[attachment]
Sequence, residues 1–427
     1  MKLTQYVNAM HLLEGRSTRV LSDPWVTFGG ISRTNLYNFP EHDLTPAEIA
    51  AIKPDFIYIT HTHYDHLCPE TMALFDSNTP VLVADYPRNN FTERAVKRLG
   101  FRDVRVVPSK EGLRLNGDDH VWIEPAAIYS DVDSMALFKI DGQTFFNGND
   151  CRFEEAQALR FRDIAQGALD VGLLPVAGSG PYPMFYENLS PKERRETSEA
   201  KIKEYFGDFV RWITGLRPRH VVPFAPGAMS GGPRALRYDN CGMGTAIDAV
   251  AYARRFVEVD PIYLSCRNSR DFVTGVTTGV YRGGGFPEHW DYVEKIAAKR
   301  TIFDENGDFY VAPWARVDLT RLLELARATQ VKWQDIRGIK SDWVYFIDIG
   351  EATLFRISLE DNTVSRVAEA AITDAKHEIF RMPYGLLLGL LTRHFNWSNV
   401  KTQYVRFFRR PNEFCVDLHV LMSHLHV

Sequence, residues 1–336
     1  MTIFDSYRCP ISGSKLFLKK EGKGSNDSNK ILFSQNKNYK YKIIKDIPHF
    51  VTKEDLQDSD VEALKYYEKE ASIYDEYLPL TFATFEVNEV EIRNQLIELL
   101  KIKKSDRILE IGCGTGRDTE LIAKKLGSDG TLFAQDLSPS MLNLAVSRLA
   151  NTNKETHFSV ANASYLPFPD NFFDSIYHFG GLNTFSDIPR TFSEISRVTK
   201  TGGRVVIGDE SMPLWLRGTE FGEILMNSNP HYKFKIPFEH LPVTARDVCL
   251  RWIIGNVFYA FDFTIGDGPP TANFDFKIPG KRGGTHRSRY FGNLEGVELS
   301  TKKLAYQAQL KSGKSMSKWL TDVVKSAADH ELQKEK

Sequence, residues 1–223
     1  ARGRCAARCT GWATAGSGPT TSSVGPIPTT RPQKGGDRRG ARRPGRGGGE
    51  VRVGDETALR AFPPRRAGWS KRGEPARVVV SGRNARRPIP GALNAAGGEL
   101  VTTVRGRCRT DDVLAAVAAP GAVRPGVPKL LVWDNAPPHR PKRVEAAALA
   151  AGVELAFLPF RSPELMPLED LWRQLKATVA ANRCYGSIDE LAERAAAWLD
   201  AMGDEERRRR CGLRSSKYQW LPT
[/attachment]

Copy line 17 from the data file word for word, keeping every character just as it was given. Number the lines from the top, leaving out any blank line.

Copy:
   251  RWIIGNVFYA FDFTIGDGPP TANFDFKIPG KRGGTHRSRY FGNLEGVELS